Cautious welcome to debt relief deal

Business in Africa Online
September 27, 2005

Dakar: Pressure group, Jubilee USA Network has welcomed the weekend’s agreement reached by the IMF and World Bank to implement the G-8 debt relief for 18 poor countries, but raised concerns about unresolved details of the deal.

The US arm of the international movement working for debt cancellation for impoverished nations, insisted in a release, that the G-8 debt agreement “is but a first step towards the amount of debt cancellation needed to end the debt crisis and eradicate global poverty”.

Fourteen African countries are potential beneficiaries of the US$55 billion debt cancellation agreed at the G-8 summit in July, which had been under attack by some governments at the IMF and World Bank.

Jubilee USA Network expressed strong concern about the language included in the International Monetary and Financial Committee (IMFC) communiqué, which appeared to require the 18 “completion point” countries to go through one final test of compliance with IMF and World Bank conditions, including so-called “sound policies”.

Neil Watkins, national co-ordinator of Jubilee USA Network said: “While we welcome the IMF/World Bank agreement on the G-8 deal which will provide 100% debt stock cancellation for 18 countries, we are very concerned about possible additional hurdles and conditions put in the way. We call for debt cancellation – without harmful conditions – for all impoverished countries, including many left behind by the G-8.”

Adam Taylor, co-chair of Jubilee USA Network also said: the “agreement sets a precedent that needs to be expanded and applied to all impoverished countries to meet the life-saving goals”.

Jubilee USA Network further expressed disappointment that the G-8 debt deal once approved, would not be implemented immediately by the World Bank.

“The 18 initially eligible countries will not cease making debt service payments until July 2006,” it said, adding: “This will prevent the Zambian government from providing additional AIDS drugs this year to almost 100 000 infected people, an initiative the government announced in July, in response to the G-8 agreement.”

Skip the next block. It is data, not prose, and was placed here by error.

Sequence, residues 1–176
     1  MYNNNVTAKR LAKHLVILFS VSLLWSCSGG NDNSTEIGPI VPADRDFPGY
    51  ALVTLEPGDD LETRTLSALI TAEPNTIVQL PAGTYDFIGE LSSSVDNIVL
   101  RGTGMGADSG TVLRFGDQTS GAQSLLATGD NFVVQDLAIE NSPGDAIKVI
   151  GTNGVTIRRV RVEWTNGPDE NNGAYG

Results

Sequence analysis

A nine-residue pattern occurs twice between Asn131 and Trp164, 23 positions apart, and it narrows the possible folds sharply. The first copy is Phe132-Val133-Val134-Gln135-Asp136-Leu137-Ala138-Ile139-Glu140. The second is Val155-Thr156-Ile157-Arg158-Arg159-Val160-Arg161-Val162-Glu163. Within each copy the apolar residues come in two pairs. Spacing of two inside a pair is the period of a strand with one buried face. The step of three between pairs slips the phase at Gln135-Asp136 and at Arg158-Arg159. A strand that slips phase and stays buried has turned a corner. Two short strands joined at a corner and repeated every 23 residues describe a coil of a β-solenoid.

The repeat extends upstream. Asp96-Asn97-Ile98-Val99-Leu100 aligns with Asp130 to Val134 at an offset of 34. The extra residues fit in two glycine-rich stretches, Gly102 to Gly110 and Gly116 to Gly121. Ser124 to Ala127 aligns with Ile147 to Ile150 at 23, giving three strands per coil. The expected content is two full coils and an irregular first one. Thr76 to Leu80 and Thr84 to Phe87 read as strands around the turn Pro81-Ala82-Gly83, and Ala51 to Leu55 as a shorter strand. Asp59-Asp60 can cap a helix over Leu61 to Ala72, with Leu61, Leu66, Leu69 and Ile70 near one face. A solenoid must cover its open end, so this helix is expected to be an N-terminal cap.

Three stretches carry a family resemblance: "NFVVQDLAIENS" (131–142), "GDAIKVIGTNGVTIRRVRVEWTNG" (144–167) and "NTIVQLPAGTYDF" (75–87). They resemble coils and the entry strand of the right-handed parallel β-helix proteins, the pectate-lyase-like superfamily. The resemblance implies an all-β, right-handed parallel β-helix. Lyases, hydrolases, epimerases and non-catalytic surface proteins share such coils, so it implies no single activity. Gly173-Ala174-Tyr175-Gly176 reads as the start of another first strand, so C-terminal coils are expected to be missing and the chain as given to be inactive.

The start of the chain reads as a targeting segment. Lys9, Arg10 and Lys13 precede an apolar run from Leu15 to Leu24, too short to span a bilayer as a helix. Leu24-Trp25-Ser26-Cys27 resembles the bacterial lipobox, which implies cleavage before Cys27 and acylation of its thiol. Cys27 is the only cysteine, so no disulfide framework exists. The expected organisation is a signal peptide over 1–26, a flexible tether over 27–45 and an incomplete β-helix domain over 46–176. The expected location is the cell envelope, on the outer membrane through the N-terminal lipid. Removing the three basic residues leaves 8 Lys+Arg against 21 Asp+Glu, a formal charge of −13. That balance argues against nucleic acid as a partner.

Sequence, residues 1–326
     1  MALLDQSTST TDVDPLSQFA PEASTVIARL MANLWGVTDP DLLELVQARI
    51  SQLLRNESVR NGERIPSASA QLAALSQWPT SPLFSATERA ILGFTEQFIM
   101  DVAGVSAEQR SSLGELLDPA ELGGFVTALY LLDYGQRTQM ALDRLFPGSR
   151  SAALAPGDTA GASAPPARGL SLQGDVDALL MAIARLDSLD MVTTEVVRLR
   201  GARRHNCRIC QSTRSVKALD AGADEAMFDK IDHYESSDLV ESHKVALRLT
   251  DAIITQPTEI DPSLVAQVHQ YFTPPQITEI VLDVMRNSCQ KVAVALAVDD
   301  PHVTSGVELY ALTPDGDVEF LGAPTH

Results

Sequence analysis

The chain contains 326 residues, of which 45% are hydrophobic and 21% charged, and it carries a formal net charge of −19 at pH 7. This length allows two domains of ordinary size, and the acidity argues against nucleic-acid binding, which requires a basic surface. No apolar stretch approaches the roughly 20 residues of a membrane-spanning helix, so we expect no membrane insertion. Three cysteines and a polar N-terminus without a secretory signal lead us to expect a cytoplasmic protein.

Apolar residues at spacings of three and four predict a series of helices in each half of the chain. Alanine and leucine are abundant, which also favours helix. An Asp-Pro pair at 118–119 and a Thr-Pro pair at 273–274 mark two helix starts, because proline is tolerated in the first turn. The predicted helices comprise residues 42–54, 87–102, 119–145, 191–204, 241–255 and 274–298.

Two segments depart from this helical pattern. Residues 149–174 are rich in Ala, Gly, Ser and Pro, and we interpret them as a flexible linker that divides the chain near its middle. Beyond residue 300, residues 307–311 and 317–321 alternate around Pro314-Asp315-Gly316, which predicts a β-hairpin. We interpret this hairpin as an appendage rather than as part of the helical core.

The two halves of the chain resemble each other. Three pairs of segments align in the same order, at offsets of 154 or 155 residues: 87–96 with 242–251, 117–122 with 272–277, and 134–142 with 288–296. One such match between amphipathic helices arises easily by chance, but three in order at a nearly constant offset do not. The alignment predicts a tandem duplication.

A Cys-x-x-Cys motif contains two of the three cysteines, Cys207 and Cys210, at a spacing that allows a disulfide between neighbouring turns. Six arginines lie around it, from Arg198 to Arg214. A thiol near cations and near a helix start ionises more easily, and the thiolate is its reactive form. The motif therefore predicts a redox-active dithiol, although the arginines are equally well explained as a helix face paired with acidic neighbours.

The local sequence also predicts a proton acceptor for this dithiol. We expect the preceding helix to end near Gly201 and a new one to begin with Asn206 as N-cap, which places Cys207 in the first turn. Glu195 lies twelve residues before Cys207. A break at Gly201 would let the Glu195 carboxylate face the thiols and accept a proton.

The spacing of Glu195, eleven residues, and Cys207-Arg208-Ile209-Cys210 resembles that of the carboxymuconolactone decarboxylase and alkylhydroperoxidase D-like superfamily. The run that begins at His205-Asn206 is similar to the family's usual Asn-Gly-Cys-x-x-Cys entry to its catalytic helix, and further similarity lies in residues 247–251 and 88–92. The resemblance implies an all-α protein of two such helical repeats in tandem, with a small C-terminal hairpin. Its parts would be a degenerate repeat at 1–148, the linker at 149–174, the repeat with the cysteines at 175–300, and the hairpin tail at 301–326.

The debt agreement would cancel 100% of 18 impoverished countries’ debts to the International Monetary Fund (IMF), World Bank, and African Development Bank.

But Jubilee USA said “it excludes other impoverished nations and debt to other significant creditors such as the Inter-American Development Bank, does not address odious and illegitimate debt, and preserves economic conditionality”.

“It also leaves dozens of countries behind,” it added.

The 14 African countries listed to benefit from the debt cancellation are – Benin, Burkina Faso, Ethiopia, Ghana, Madagascar, Mali, Mauritania, Mozambique, Niger, Rwanda, Senegal, Tanzania, Uganda and Zambia.

Jubilee USA is a network of over 70 religious denominations, labour groups, environmental organisations, and community and advocacy groups working for freedom from debt for countries in Africa, Asia, and Latin America.

Categories: Africa, Debt Relief, Odious Debts

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